ag144 writes: Seeing this at multiple information outlets at this point — the planned test fires of the Falcon Heavy engines are postponed until the Air Force at NASA's Kennedy Space Center can return to work after the federal government becomes open for business. This means no firm dates for launch can be set.
dryriver writes: All used to be well in the world of Digital Content Creation (DCC) until two very major DCC software makers — Adobe and Autodesk — decided to force a monthly subscription model on pretty much every software package they make to please Wall Street investors. Important 2D and 3D DCC software like Photoshop, After Effects, Premiere, InDesign, 3DMax, Maya, Mudbox is now only available to "rent" from these companies. You simply cannot buy a perpetual license or boxed copy for this software at all anymore, and what makes matters worse is that if you stop paying your subscription, the software locks itself down, leaving you unable to open even old files you created with the software for later review. Also annoying is that subscription software constantly performs "license validity" checks over the internet — subscription software cannot be run offline for any great length of time, or on an air-gapped PC — and that the software is increasingly tied into various cloud services these companies have set up. The DCC companies want you to save your — potentially confidential — project files on their servers, not on your own harddisk. There are millions of DCC professionals around the world who'd love to be able to buy a normal, perpetual, offline-use capable license for these software tools. That is no longer possible. Adobe and Autodesk no longer provide that. What is your view on this "forced subscription" model? And what would happen if all the major commercial software developers forced this model on everyone simultaneously? What if the whole idea of being able to "purchase" a perpetual license for ANY commercial software went away completely, and it was subscription-subscription-subscription only from that point on?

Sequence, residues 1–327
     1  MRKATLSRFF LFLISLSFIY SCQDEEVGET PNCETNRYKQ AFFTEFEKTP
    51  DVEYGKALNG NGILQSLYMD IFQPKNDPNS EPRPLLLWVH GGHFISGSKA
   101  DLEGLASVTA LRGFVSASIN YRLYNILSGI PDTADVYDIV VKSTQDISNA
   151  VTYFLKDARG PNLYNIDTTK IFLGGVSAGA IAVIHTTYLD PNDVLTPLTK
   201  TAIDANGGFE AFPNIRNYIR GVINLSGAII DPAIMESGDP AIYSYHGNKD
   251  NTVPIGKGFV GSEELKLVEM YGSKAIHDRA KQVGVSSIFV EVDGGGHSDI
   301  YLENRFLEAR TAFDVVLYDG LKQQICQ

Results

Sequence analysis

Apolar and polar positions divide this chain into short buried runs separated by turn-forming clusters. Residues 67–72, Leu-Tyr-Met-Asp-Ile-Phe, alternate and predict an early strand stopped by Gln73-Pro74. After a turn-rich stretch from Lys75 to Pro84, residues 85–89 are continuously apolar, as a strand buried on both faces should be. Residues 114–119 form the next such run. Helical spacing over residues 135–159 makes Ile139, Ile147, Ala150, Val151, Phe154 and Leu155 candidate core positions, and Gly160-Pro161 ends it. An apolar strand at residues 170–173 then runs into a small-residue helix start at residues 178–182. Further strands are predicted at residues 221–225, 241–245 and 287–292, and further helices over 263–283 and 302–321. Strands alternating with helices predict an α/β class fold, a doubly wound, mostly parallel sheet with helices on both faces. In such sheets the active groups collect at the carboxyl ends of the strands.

Templer421 writes: There are mounting fears that Bitcoin investors will struggle to get their cash out after the cryptocurrency's value fell 40 per cent in a single month.
Many are looking to put their money in gold instead, with some European gold traders reporting a "five fold increase" in demand amid fears Bitcoin could collapse entirely. Bitcoin owners are flocking to invest in gold amid fears the cryptocurrency may collapse.
An anonymous reader writes: Rupert Murdoch, the media billionaire who controls the Wall Street Journal, called on Facebook to begin paying publishers fees to carry the news that its users post and share online in a sign of the print industry’s growing frustration with social media. “If Facebook wants to recognize ‘trusted’ publishers then it should pay those publishers a carriage fee similar to the model adopted by cable companies,” Murdoch, the executive chairman of News Corp. said Monday in a statement. “The publishers are obviously enhancing the value and integrity of Facebook through their news and content but are not being adequately rewarded for those services.” “Facebook and Google have popularized scurrilous news sources through algorithms that are profitable for these platforms but inherently unreliable,” Murdoch said. “Recognition of a problem is one step on the pathway to cure, but the remedial measures that both companies have so far proposed are inadequate, commercially, socially and journalistically.” Murdoch, who also leads 21st Century Fox, called for a system similar to that in cable television, where large distributors like Comcast and AT&T pay fees to the TV network owners that attract their viewers.